What Is the NIST Cybersecurity Framework?
Want to learn more about the NIST Cybersecurity Framework? Check out this post to learn more about the framework dedicated to security maturity.
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Unlike GDPR and SOC 2, organizations will face no penalties for noncompliance with the NIST CSF. It’s purely voluntary. Nevertheless, it serves as a singular guideline that CISOs can look to in a world of fragmented cybersecurity regulations.
The framework was first developed in 2014, after President Obama recognized the growing risk to critical infrastructure. His Cybersecurity Enhancement Act (CEA) of that year called to expand the role of NIST and to create a voluntary framework to identify “a prioritized, flexible, repeatable, performance-based, and cost-effective approach” to manage cyber threats. A 2017 executive order by President Trump took the framework a step further by making it federal government policy.
After years of gathering feedback, version 1.1 of the framework was released in 2018 to provide “a more comprehensive treatment of identity management,” as well as additional information on managing supply chain cybersecurity. As a living document, the NIST CSF will continue to evolve as the industry provides feedback on implementation.
As the standard developed by the United States for managing cybersecurity risk, organizations would do well to take heed. As with any standard, choosing to comply with the NIST CSF demonstrates to your clients that you’re serious about security, while improving your overall security posture and lessening the risk of a data breach and the resulting financial losses, client churn, and reputational loss that go along with it.
Below, we’ll help you understand some of the main points of the NIST CSF so you can begin putting it into practice. Let's get started.
NIST CSF Components
The framework is broken down into three main components, with each component driving home the connection between business drivers and cybersecurity activities:
The Framework Core
The Framework Core is a concrete set of activities to achieve desired results, along with references across all sectors to help organizations achieve the desired outcomes. The Core enables communication of cybersecurity activities from the executive level down to the operations level and consists of five concurrent and continuous functions — identify, protect, detect, respond, and recover. Taken together, these functions offer a high-level view of an organization’s ability to manage threats. The Core then lays out underlying outcomes (called “Categories” and “Subcategories”) for each function, matching them with example informative references, which include existing standards, guidelines, and documentation.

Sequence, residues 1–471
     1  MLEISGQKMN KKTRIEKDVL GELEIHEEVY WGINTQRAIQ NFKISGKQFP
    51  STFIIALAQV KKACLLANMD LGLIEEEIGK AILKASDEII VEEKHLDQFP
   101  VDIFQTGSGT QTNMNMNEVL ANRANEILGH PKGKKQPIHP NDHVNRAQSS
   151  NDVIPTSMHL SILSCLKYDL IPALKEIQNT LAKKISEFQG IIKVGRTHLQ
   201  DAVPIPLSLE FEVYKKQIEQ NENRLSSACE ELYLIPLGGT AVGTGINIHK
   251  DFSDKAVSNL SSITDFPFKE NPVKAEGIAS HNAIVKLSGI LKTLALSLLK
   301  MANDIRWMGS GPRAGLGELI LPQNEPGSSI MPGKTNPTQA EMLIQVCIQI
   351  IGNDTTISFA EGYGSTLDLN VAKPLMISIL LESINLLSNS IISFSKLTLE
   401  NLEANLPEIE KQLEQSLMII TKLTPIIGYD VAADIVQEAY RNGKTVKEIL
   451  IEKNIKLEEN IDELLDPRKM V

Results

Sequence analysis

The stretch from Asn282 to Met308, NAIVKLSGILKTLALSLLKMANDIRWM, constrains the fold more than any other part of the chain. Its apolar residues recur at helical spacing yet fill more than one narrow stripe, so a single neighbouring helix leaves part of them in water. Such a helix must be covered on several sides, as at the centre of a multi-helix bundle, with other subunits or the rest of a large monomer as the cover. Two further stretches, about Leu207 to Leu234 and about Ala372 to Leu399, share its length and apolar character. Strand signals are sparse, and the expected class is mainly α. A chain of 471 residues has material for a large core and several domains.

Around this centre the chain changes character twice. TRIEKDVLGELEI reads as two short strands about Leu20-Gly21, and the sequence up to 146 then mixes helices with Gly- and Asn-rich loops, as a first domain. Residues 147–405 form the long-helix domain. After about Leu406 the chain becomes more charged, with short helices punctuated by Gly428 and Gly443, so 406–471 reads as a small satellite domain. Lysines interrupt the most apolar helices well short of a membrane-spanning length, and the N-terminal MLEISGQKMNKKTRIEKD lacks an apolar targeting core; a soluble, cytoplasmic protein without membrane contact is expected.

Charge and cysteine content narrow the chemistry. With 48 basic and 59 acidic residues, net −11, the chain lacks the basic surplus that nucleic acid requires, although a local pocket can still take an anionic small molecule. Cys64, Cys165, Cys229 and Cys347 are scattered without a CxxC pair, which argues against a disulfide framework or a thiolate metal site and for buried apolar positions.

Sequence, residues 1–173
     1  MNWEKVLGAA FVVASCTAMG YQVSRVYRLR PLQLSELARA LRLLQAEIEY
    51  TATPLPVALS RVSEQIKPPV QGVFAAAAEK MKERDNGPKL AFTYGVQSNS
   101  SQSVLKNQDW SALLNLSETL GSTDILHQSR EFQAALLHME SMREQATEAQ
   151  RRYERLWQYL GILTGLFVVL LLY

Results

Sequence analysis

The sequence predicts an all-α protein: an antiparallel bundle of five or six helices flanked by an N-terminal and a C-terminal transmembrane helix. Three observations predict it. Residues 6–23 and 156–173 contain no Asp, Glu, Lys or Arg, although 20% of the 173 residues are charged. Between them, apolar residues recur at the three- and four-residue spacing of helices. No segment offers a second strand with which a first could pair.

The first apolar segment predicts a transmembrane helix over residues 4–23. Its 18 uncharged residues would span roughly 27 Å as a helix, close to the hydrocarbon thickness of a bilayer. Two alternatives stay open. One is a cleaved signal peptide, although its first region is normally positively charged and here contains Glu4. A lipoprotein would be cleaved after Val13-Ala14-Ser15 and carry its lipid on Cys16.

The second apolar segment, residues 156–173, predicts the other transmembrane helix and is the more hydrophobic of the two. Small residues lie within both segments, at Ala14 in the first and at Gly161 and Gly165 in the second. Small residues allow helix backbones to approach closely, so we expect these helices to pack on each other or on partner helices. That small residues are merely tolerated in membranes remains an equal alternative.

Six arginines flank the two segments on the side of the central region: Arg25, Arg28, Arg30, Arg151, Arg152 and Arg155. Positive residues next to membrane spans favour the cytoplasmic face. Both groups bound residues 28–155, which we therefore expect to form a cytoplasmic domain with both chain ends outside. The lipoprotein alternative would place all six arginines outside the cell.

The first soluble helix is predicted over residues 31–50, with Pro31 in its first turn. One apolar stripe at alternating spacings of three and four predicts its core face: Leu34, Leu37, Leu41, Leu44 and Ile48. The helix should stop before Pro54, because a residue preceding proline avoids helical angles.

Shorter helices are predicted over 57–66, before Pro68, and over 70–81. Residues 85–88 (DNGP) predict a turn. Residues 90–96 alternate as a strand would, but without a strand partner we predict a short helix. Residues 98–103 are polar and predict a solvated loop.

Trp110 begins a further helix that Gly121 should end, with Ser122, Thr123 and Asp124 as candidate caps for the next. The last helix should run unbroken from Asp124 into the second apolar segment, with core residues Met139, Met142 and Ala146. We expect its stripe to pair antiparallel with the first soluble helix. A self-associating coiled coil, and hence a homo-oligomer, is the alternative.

Framework Implementation Tiers
Framework Implementation Tiers are not meant to signify cybersecurity maturity, but they might as well. The higher the tier, the better an organization’s risk management practices match those defined within the framework. The four tiers are “Partial,” “Risk Informed,” “Repeatable,” and “Adaptable,” in that order. Moving from Tier 1 to Tier 4, they progress from ad hoc processes and a reactive security posture to proactive threat detection and a risk-informed, agile approach. When selecting which tier to implement, the framework suggests that organizations consider their current threat management practices alongside their individualized risk profiles, legal and regulatory requirements, and any organizational constraints.
A Framework Profile represents an organization’s current cybersecurity maturity, while also serving as a roadmap to improvement toward framework goals. As a tool for self-assessment, a current profile can be compared to a target profile, poking holes in current practices to identify areas for improvement. Again, NIST urges organizations to prioritize the mitigation of gaps in a cost-effective way that meets individualized business needs.
Implementing the NIST CSF
If there’s one overarching theme of the NIST CSF when it comes to implementation, it’s that there’s no one-size-fits-all solution. Your risk profile, regulatory requirements, and financial and time constraints are unique, and NIST urges each organization to take these factors into account when implementing the CSF.
Moreover, implementation is not an all-or-nothing proposition. Want to focus on the Framework Core but ignore the profile for now? Fine. Can you boost your organization from Tier 2 to Tier 3, but Tier 4 is still out of reach? Great! The goal with the NIST CSF is improvement, not perfection. Without the penalties of a formal compliance regulation to hold you back, you are free to implement the NIST framework in whatever way best fits your business needs in order to boost your security maturity in an efficient and cost-effective manner.
Read to get started? In order to get a clear view of where your organization’s security maturity currently stands, take Threat Stack’s Cloud SecOps Maturity Assessment. With a clear picture of your cybersecurity strengths and weaknesses, you can know exactly where to prioritize your efforts when it comes to implementing the NIST CSF, enabling you to make the most of these guiding principles.
Published at DZone with permission of Anthony Alves, DZone MVB. See the original article here.
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